He's equally meticulous in managing how the water moves across his farm and winds up in the Redwood River, which is designated as "impaired" by the Minnesota Pollution Control Agency. His general standard is, "If you built a dam and captured the water that runs off your property, would you like to swim in it? If you wouldn't be happy to swim in it, why would you be happy to send it to someone else?"

If you wouldn't do the breast stroke in a pool of your runoff, he reasons, "You can do better." Tiffany employs all sorts of water control methods. "Blind intakes" use rocks to filter water entering tile lines. Raised berms or "terraces" pool runoff and keep it on the spot. He uses grid testing — where small land portions are sampled to determine how much fertilizer they need — to lessen application rates. He's considering installing a woodchip bioreactor and may try to recruit people living and working along a local drainage ditch to voluntarily improve their water control habits.

He takes care to note that he isn't unique. "I'm not doing anything unusual," he says. "Most farming operations are multi-generational," which he says creates a high level of accountability. "I can walk in exactly the same footsteps as my parents and grandparents. My sons and grandkids could, too. Would they be proud of me?"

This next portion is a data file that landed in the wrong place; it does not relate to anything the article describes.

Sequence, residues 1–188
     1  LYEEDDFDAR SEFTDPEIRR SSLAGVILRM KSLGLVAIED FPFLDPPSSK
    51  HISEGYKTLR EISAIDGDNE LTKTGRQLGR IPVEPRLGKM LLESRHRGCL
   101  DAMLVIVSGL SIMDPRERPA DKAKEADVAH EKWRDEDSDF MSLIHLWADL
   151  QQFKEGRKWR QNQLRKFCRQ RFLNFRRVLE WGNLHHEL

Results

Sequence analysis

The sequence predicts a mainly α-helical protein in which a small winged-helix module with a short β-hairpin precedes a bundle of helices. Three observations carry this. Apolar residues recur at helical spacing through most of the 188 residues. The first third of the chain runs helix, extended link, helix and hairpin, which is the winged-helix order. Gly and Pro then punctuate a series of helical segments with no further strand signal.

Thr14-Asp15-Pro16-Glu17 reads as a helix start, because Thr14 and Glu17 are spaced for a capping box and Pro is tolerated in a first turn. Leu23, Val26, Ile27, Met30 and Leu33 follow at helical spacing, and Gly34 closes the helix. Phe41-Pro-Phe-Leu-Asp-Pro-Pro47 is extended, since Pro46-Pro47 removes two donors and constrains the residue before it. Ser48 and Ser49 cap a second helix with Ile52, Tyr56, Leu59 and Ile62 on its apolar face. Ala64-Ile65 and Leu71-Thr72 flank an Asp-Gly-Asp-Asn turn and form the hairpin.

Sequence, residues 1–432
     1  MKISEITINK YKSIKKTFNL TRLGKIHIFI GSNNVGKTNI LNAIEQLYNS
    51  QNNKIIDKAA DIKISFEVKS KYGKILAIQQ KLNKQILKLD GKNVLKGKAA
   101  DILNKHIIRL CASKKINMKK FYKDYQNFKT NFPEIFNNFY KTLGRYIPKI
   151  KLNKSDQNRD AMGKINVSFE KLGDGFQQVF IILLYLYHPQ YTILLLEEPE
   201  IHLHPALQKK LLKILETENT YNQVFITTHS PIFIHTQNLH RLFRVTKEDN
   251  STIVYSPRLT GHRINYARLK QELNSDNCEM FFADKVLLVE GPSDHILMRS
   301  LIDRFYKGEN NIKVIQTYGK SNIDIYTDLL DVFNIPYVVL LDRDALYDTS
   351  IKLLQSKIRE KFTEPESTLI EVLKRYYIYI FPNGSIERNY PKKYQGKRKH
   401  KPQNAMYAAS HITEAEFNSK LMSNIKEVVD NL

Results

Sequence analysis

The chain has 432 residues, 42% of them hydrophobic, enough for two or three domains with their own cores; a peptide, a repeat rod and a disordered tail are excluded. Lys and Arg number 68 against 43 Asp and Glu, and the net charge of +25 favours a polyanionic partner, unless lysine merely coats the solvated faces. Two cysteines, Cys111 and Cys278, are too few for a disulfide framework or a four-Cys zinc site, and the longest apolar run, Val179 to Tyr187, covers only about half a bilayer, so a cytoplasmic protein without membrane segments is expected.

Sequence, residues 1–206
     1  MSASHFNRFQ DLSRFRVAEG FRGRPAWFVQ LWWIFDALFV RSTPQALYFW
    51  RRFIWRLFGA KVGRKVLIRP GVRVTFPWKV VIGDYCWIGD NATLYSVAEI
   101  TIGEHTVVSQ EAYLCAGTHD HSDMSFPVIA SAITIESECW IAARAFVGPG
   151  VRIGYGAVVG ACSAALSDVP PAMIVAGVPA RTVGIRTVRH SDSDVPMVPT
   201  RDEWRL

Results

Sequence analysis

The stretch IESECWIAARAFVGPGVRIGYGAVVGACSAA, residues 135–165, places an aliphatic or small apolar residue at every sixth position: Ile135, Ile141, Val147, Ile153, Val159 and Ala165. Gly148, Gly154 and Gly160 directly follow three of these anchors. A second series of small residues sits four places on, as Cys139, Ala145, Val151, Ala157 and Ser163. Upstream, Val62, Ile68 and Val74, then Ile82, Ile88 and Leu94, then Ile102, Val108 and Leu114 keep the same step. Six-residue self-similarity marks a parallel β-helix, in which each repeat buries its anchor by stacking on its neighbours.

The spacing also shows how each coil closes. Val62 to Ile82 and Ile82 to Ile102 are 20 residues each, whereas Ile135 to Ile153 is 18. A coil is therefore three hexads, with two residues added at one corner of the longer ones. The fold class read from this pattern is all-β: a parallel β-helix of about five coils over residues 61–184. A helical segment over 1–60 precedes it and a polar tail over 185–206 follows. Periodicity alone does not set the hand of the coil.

Bruce and Ann Tiffany
Bruce and Ann Tiffany on their farm near Redwood Falls in southwestern Minnesota, where they have instituted a number of practices to slow the water that runs off their land toward the nearby Redwood River. They have installed zip lines that let them show visitors some of the woods and wetlands on their property
MPR Photo/Jennifer Vogel

Certainly farmers fall along a spectrum when it comes to water management. And one would be hard pressed to find another farmer in Minnesota with seven Costa-Rica-style zip lines mounted high among his trees in a patch of woods. Soaring from platform to platform wearing a harness and leather gloves, Tiffany says he uses the zip lines as a trust building exercise and educational tool.

Along the way, he describes the different types of trees on his property and offers history lessons. "We show visitors things that have changed in the last year, the last five years, the last 100 years," he says. To people who say they want to keep things the same, he retorts that nature is always changing. "When you look at it in the context of where we've been, you get a better feel for the importance of good stewardship and caring for your resources."

Flying next to a lush wetland abutting the Redwood River, the obvious question is, if he dammed his runoff, would he want to swim in it? "I can do better," Tiffany says.

Return to Ground Level: Cleaning Minnesota's Water »